- Ages: 0-2; 3-5
- Materials: A container with a lid for each kid; rubber bands
- Time: Under an hour
- Season: All year
- Skills: Creativity; Music; Sensory Development; Emotional Development
Little kids love to make noise. Even in their first year, they learn to run any new object through a battery of tapping, shaking and banging tests, trying to decipher how many different ways it can make sound, only to repeat, and repeat, whichever way is most pleasing to them. If you are like us, music plays all day long in your home, and a box of instruments, some store-bought and some homemade, is almost perpetually out and in play. Kids love to jam, and, not-so-secretly, so do their parents. This joyful compulsion to create sound means more than that we are simply noisy creatures. Making music is part of the human experience. And it turns out that both enjoying and making music are brain-boosting activities that research shows help kids develop socially, emotionally and cognitively.
To initiate this activity, take the indoor music making habit into to the great wide open, where you can really get down. Bring a few helpful instrument-inspiring materials but gather most (if not all) that you need from mother nature. Then, you and the kids start making sounds—it pretty much flows from there. Make as many different sounds as you can and let kids just keep making them too. Make up a new rhythm or even a melody. Be as loud as you like. Celebrate each and every new sound or just keep making more.
 Pack a few materials: Start with things you can bang, shake and strum. For example, metal containers to bang, drop or plop objects into; rubber bands to stretch between branches and pluck; and canisters with tops (e.g. yogurt, raisin or oatmeal containers) to fill with pebbles, wood chips, acorns, etc.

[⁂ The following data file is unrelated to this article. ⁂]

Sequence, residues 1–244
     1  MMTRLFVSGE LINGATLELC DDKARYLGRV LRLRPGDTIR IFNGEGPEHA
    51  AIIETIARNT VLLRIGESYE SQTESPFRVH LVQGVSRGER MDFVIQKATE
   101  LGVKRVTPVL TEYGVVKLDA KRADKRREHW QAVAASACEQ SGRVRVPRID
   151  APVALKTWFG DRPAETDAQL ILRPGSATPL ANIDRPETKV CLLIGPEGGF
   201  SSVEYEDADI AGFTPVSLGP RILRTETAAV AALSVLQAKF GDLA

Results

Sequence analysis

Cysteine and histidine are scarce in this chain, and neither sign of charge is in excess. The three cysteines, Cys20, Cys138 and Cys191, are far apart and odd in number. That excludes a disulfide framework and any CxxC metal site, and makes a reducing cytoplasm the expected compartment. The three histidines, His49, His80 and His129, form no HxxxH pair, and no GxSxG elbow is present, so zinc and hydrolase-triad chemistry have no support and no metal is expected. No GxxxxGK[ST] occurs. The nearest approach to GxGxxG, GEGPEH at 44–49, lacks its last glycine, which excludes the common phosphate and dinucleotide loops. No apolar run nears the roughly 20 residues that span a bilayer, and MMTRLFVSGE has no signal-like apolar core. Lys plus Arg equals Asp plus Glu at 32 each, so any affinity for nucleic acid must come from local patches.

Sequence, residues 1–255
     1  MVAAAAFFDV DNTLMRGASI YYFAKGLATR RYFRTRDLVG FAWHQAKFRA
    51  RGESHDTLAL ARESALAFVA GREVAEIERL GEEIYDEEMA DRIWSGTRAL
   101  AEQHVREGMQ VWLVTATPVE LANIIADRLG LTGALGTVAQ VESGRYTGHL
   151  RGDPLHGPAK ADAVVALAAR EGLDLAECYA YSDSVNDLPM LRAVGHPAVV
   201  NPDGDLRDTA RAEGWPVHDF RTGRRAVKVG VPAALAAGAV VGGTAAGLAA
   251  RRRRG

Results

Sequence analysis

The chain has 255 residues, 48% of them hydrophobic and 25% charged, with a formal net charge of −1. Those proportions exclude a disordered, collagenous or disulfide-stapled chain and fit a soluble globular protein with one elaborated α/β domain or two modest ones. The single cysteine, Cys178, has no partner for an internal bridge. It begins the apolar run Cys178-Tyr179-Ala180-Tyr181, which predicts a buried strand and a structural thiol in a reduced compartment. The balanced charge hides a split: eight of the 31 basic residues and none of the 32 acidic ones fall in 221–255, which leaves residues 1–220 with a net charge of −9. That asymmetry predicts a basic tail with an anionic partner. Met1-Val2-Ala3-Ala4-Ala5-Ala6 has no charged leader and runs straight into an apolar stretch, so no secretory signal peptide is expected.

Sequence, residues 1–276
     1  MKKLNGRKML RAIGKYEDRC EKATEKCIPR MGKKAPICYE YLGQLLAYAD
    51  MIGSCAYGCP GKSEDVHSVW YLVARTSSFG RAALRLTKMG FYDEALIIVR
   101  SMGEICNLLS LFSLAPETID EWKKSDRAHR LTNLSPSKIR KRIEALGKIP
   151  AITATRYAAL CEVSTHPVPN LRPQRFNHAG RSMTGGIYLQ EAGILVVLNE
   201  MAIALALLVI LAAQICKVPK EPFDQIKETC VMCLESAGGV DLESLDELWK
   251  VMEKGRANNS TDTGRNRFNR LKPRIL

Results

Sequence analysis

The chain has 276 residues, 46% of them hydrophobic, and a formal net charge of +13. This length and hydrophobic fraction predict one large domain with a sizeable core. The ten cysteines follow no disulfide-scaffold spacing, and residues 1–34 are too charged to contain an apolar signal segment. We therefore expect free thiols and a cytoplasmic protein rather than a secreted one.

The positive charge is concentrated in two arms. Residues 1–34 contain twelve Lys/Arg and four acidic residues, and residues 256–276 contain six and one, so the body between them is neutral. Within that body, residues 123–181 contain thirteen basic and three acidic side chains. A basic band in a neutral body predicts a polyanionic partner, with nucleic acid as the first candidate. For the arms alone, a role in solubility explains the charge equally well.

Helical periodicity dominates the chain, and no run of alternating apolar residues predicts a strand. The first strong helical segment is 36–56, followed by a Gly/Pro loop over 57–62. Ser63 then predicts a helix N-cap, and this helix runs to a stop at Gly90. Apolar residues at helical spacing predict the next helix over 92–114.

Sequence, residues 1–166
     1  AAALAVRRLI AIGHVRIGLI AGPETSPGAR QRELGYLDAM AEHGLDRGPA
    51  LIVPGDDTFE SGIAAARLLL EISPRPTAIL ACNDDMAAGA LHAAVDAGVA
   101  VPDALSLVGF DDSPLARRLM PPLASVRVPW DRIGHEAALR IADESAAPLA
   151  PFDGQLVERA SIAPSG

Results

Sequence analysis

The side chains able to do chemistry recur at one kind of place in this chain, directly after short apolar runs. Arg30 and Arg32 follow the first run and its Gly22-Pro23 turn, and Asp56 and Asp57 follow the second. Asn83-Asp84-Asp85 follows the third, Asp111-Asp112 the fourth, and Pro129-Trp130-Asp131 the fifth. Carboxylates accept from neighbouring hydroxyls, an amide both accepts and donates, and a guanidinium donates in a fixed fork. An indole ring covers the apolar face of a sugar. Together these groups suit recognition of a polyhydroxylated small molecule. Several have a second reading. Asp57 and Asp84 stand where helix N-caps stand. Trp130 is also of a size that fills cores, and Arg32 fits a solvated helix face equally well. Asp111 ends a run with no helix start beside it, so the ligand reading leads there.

Start with silence—As best you can, encourage everyone to lie down, close their eyes and listen (20 seconds of this is a huge achievement to wee ones). Talk about the many sounds you hear.
 Make your own sounds—Ask kids, "How can we make our own sounds or music outdoors? How many different sounds can we make?" Gather a pair of sticks each and explore how many ways you can use them to make sounds (e.g. bang them together and on logs, trees, objects from home, rub them against rough bark, shuffle leaves or dirt around). At some point, pick up a container and wonder together how you could use that to make even more sounds. Let kids have at it. They may make a whole bunch of sounds or just enjoy making the same sound over and over.
 Add a live Jam session (optional)—If you play an instrument or know friends who do, add in some live music that everyone can bang, beat, strum and even dance around to. Have and love a parade highlighting all of your musical instruments. Or, just sing your favorite songs and bang or clang along.
 Chant a rhythmic poem and kids play along (optional)—We love the poem Grassy Grass Grass by Woodie Guthrie, for example. Repeat it a couple of times so kids can pick up and join in with the rhythms and even the words. Teach it to them and you give them a chant for life.
 Add some challenge (optional)—Play a simple rhythm and see if the kids can follow. If they are into it, keep trying new, increasingly complicated rhythms and challenge kids to repeat them back to you. Stay short and simple if they are enjoying the game but can’t keep up with your trickier patterns. Turn over the reigns and let kids generate a rhythm or two.
Why it matters:
When you are in the midst of this activity, especially if you add in some live music, singing, dancing or parading about, you simply feel how joyful making music is for little kids—it’s moving to both body and soul. You’ll likely find yourself hoping that your kids never lose the ability to bang, shake, march or dance with such abandon. When you, old adult, make music and move along with them, you make that wish more possible.
As if this joy were not enough of a benefit, listening for and making sounds are powerful ways to encourage sensory development. Allowing kids to simply play with sound and discover sounds in their own way offers a real chance to develop creativity and problem solving skills. Being musical is also tied to brain development and even success in school. Research shows that participation in music, especially at an early age, can help improve a child’s learning ability and memory by stimulating parts of the brain that are related to memory, language, patterns and emotional development. All of this may explain why participation in musical activities is such a predictor of success in school, college and beyond.